“The real world is not like the controlled environment of the police academy — people don’t casually submit to arrest or tell the truth about crimes they have committed — but LCCC prepared me for what I would encounter,” she says.
After being certified by the Ohio Peace Office Training Commission (OPOTC), Angello pursued a bachelor’s degree in criminal justice at David Meyers University in Cleveland while working as a school safety officer at Johnnie Wilson Middle School in Lorain and a part-time park ranger with the Lorain County Metro Parks. Her combination of experience and education made her a star candidate when she tested for and accepted a patrol officer position at the Lorain Police Department in 2006.
“She had been certified through the state, and she had a bachelor’s degree,” says Lorain Police Chief Cel Rivera. “She had done everything to prepare herself for her chosen field, which impressed us.”
As a patrol officer, Angello continued to pursue advanced education and training to give herself a competitive advantage.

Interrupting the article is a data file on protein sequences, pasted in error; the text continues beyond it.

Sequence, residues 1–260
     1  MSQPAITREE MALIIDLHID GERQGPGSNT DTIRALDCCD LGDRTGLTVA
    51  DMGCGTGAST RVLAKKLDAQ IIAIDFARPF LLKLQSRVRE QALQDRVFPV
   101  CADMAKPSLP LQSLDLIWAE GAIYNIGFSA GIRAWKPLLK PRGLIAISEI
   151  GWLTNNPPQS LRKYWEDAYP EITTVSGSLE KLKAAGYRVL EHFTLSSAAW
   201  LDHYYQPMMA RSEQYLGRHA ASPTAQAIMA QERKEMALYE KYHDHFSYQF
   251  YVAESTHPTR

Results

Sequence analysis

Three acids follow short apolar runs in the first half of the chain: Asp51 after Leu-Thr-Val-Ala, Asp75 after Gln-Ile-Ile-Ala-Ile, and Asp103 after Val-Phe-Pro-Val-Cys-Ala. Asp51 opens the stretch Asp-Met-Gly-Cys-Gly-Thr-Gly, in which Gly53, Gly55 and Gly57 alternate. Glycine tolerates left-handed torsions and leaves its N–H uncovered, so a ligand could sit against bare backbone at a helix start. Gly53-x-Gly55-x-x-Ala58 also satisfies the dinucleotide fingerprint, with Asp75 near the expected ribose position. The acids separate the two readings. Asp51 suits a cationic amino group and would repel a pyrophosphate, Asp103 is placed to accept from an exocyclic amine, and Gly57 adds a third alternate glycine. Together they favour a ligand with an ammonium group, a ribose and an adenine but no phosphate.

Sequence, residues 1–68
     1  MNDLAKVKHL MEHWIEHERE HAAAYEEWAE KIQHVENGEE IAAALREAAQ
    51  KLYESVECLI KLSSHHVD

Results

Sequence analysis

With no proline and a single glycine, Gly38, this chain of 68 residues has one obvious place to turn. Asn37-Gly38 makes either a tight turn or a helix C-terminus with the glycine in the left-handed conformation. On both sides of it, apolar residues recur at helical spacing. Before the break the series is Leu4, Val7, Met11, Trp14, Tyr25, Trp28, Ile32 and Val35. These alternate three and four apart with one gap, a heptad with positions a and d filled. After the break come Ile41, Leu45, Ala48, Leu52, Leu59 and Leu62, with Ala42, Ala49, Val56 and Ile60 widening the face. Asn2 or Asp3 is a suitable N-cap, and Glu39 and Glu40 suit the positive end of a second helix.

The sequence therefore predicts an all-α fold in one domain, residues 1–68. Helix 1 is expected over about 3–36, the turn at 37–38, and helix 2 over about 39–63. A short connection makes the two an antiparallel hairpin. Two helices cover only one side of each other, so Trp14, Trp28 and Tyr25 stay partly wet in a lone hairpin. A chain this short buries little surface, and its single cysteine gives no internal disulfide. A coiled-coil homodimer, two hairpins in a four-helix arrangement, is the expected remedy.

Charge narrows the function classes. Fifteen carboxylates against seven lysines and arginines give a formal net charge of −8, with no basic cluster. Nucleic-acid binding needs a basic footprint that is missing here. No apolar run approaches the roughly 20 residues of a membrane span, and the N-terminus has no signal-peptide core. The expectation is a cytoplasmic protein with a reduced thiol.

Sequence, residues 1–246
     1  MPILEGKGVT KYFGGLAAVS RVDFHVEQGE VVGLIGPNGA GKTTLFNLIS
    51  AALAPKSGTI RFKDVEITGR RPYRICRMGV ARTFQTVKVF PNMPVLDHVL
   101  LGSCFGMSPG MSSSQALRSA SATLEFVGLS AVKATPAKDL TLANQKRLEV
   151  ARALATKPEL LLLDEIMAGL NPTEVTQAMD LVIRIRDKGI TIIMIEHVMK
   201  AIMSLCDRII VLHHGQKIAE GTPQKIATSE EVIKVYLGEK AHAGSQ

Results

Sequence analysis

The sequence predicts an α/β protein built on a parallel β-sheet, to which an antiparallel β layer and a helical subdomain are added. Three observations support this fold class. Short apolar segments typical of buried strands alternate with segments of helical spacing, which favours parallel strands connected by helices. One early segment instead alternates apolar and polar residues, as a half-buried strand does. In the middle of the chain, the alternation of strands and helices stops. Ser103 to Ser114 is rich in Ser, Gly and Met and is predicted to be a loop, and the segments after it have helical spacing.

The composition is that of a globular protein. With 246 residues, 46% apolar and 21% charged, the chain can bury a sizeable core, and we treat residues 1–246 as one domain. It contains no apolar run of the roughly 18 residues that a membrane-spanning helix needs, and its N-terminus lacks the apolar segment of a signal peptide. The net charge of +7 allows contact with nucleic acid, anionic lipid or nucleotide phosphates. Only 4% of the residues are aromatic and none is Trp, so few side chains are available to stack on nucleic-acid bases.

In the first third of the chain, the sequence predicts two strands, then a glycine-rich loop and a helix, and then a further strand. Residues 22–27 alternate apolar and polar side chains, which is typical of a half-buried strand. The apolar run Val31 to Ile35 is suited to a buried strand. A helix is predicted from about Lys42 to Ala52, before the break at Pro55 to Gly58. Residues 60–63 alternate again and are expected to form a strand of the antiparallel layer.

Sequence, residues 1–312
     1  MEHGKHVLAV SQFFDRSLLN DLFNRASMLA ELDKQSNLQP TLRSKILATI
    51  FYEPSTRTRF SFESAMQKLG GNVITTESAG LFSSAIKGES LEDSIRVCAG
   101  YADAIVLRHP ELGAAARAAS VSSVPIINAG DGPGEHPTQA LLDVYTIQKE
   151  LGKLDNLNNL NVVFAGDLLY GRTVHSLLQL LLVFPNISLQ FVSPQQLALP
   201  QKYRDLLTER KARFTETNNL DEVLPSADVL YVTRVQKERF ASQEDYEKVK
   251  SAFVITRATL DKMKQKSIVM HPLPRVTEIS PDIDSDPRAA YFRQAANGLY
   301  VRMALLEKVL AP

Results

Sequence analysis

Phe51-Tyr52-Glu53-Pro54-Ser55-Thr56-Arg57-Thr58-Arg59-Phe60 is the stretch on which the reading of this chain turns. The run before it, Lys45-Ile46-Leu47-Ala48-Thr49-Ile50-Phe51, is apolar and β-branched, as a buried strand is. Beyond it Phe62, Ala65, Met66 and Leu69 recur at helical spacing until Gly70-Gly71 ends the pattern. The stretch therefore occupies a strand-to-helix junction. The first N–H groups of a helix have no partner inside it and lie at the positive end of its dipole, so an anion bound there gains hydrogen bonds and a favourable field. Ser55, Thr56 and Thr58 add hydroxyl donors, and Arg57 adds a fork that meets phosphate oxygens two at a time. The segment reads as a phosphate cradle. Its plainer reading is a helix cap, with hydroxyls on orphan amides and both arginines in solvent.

“The biggest challenge used to be simply being selected, because the competition was incredibly fierce,” she says. “It wasn’t uncommon to see hundreds of applicants for a handful of openings.”
In 2009, while working full time, she earned her master of science degree in criminal justice from Tiffin University.
She spent more than six years on patrol, working mostly the night shift — “the shift that often handles the most intense and dangerous calls,” Rivera says. “It’s a tough job, and she always did a great job. She has a good temperament, good communication skills and a lot of empathy and respect for the people we deal with. She really represents us well.”
In 2013, Angello was reassigned to Lorain’s Criminal Investigation Unit.
“The position requires an extraordinary amount of commitment,” she says. “Today’s cases are intense, complex and technology driven. In this position, you gain knowledge of interviewing and interrogating techniques, photography, crime scene processing and forensics.”
Building on that knowledge, she completed more than 300 hours of training to earn certification in 2015 as a master criminal investigator; two years later, she became a state-certified homicide investigator. And as she gained respect within the department and throughout the community, she became a natural choice for promotion to sergeant.
“Tabitha is an excellent, positive example of what you can do when you get your education, attend the academy and then devote your time to working in the field,” Rivera says. “She is a real asset, and I look for great things from her in years to come.”